“I had mad skills. Somebody hand me a sawzall.”
John Grooters’ email grabbed this recalcitrant hobbyist boat builder and restorer with that line.
The Holland, Michigan resident is my kind of guy.
Not finding what he really wanted, or could really afford, on the open market, he took matters into his own hands and rebuilt a used Formula boat into the bowrider of his dreams. Instead of relating his experience, I’ve simply cut and pasted his letter. No filters, editors or gatekeepers stand between you and the mind of this dedicated, motivated and highly-skilled buyer of used boats.
|Grooters bought a closed bow 1987 Formula 223LS (sistership photo). He converted the used boat into the world’s first and only Formula 223 Spyder bowrider. Courtesy Formula Boats.|
1987 Formula 223 Spyder: A 223 Spyder, not a 206 Spyder.
I remember seeing the 206 Spyder when it came out and saying to myself, ”Self, that is a sweet, boat.” I ended up buying an 18ft Regal for less money, and later upgrading to a Rinker 206 Bowrider. Those were both great boats, but I still wanted a Cabin Bow Rider, something like the 25’ Nordic Rage. Unfortunately, at $60,000+, that was out of my price range. I finally bought a 1987 223LS, and hatched a plan to build what I couldn’t buy. I had tools. I had a boat. I had mad skills. Somebody hand me a sawzall, I’ve got work to do.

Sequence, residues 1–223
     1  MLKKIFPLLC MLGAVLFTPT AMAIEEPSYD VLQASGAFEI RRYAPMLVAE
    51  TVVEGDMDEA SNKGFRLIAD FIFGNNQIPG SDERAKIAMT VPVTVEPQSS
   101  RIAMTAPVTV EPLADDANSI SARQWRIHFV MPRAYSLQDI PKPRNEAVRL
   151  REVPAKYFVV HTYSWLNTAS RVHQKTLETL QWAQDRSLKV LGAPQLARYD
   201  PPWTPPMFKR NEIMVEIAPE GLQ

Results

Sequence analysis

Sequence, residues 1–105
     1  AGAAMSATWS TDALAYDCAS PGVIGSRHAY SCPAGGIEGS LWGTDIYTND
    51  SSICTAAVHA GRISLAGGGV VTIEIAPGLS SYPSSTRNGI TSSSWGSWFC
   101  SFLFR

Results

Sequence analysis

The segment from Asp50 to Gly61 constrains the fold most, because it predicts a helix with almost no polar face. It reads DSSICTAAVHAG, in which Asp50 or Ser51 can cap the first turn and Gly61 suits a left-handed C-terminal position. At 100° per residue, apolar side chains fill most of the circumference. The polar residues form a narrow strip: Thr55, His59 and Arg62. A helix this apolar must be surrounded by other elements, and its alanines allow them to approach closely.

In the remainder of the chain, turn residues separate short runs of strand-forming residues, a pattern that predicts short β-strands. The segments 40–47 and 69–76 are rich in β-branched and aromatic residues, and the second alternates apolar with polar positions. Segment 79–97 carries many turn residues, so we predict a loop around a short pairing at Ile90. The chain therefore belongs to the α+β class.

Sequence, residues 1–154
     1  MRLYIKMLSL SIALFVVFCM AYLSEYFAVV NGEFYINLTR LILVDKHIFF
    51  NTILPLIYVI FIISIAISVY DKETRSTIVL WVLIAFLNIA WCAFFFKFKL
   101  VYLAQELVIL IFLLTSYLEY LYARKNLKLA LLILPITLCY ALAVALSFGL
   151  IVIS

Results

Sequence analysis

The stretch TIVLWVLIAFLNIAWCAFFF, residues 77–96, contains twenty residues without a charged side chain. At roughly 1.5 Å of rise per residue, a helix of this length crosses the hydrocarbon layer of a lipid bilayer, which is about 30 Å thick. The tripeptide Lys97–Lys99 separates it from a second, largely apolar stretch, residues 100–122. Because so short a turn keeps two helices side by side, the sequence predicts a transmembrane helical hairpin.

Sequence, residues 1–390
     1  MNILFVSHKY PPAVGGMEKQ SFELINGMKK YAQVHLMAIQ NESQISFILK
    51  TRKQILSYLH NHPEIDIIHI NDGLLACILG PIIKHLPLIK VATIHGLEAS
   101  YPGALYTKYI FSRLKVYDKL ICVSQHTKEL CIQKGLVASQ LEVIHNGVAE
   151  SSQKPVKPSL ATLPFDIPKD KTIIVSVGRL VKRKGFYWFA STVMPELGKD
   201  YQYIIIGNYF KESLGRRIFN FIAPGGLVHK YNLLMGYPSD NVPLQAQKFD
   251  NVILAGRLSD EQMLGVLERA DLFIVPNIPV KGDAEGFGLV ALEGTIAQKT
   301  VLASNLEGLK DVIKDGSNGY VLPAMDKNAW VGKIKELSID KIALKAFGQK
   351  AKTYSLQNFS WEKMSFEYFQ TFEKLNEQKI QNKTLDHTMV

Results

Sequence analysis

A couple years ago I located a clean, used Formula in the Chicagoland area. After a partial season running it as originally built, I had decided to make it what I really wanted. Some careful measurements proved it could be done. My job as a Professional Model Maker meant I had the skills, tools, and knowledge to make it a reality. After I carefully marked out the opening, it was time to cut fiberglass. No going back now. Once the hole was there, I mocked up the new layout in foam core and designed in a slide out toilet, for the girls. I used an aluminum and fiberglass honeycomb for the horizontal floor and benches and used the foam core as a mold for the fiberglass layup.
After a great deal of final surface prep, I painted it up and did the final install. The last step was patterning and sewing up the seats. The boat gets lots of positive comments, and most people who see it assume it must have come this way from Formula. Those that know this boat was never available in this configuration tend to be effusive in their praise of the final result, while also stating it looks like more work than they would ever want to take on. I think it was worth it though. I have a one of a kind boat like I always wanted, and it performs beautifully.